Today is Queen’s Day in the Netherlands.  It started way back when as a celebration of the Queen’s birthday and even though the present Queen, Beatrix, was born in January, Koninginnedag is now fixed on the birthday of her mother, Juliana.  Presumably, if you want to have a massive national celebration outdoors, then it makes more sense to do it when the weather is tolerable.

So what do the Dutch do on Queen’s day?  Too much to tell in a short blog, so I’ll give you our own experience of the last 24 hours…

At dinner last night we started our celebration with Oranje tompoucen for dessert.  Imagine a rectangular sandwich-like pastry whose “bread” is a crunchy crust topped with a thin layer of orange glaze frosting, and whose “filling” is two inches of a thick whipped-cream substance.  Very lekker.

If we had wanted to we could have followed up our tompoucen by watching an enormously popular national TV quiz show, “Ik Hou van Holland” (I Love Holland), where two zany teams of celebrities try to outdo each other in their eclectic knowledge of Dutch (pop-)culture.  But we passed on the quiz show.

At about 9:30 p.m. our street started to get busy with people streaming to the town square, about 200 meters south of us.  At 10:00 p.m. we looked out from our front window at the fireworks display.  It would have done the neighborhood proud on New Year’s Eve, but seeing as this was supposed to be a big event for the whole town….well, it was a bit meager.  Times are hard everywhere.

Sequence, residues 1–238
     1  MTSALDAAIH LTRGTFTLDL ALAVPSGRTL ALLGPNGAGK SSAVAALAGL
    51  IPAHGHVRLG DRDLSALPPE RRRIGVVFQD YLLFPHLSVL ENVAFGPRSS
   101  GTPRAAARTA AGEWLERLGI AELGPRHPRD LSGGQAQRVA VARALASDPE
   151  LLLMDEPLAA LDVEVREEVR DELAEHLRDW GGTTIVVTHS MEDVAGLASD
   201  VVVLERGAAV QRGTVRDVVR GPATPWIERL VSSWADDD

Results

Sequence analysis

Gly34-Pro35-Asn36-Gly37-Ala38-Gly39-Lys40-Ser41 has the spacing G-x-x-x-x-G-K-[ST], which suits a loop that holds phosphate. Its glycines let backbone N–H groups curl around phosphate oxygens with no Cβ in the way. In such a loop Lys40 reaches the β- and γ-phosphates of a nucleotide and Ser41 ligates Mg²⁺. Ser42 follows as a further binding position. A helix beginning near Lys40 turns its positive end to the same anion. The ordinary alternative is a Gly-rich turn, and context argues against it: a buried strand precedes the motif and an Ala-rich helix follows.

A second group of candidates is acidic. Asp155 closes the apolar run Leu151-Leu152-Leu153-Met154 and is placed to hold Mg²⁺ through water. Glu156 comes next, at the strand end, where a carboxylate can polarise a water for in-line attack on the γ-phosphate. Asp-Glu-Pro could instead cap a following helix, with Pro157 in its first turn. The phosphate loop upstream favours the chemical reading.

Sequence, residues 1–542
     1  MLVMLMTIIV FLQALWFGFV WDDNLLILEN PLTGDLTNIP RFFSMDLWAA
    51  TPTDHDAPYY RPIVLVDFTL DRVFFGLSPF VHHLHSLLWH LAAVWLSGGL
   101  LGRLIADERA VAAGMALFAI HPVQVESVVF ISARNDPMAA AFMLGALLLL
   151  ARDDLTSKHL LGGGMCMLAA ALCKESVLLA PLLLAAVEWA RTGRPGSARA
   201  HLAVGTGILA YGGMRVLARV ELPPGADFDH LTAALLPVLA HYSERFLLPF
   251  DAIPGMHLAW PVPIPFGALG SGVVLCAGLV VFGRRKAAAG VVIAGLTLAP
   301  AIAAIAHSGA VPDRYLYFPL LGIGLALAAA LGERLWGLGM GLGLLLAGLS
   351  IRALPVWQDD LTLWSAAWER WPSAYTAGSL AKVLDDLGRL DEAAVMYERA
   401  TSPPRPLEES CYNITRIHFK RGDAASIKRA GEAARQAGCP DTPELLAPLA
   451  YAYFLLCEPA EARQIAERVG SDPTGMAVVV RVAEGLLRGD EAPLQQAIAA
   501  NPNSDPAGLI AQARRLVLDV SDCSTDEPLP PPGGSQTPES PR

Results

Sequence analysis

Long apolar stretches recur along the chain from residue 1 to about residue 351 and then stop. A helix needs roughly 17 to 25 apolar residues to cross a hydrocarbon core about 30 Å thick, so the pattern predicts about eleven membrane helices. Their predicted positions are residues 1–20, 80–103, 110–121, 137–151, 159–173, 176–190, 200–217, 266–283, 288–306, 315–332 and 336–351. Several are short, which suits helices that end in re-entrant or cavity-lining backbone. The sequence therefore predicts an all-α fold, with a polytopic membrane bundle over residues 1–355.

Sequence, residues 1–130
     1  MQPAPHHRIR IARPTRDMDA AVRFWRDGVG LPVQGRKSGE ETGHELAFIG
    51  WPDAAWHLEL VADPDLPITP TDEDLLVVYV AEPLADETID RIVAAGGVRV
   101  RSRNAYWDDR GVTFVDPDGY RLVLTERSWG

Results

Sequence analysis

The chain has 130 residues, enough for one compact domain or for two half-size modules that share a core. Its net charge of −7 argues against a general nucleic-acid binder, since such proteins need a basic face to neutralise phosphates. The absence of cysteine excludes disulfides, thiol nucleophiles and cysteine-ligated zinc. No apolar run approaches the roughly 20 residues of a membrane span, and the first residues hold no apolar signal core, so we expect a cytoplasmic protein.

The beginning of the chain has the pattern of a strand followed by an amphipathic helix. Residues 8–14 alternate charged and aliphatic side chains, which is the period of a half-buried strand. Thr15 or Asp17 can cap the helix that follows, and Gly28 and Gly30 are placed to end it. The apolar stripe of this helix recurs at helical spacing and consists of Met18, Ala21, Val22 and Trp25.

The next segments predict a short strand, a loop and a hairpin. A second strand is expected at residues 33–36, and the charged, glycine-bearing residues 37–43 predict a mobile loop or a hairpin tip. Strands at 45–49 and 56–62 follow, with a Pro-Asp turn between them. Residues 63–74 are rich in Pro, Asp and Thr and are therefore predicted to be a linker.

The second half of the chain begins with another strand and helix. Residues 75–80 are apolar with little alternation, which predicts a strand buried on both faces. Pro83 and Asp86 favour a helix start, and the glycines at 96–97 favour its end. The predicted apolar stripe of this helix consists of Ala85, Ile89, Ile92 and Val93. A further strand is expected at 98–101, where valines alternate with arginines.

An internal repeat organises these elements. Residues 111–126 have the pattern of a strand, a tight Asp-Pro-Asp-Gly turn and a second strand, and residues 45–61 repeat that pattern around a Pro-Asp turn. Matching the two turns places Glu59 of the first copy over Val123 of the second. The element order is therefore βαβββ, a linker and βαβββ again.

We went to bed and were kept awake half the night by groups of young revelers leaving the pubs at the town square.  This morning early, as I walked the dog in the drippy mist, some of these groups were still wandering around, looking like cold and bedraggled neanderthals heading into the McDonald’s for breakfast.

The main event for Queen’s Day are the numerous “vrijmarkten” (free markets).  Imagine the Mother of all Garage Sales.  Then push it to the limits of your imagination, and go further.  Everyone – at least half the population – who has any old junk to sell brings it out and spreads it out on the sidewalk, hawking it to the other half of the population who have decided that this year they are going to buy and not sell.  In amongst all the buying and selling one can find innumerable children playing their instruments, performing acts, organizing games, selling home made baked goods, etc. etc.

We made two forays into the fray today, one in the morning, one in the afternoon when the sun had finally come out.  Honestly, it makes me dizzy. Something about walking slowly by stall after stall of stuff, trying to spot anything that might be worth taking home.  I’m awful at it; I never find anything.  But Renata comes home with armfuls of goods, proud at her amazing savings.  Today her focus was on her school class, and she got 4 brightly painted little wooden chairs and a number of games.

In between, at lunch time, we turned on the TV and watched the live reports of the Royal Family’s visit to a town in Zeeland.  And after our final outing was over I downed a cold beer, and  had a well-deserved nap on the couch.


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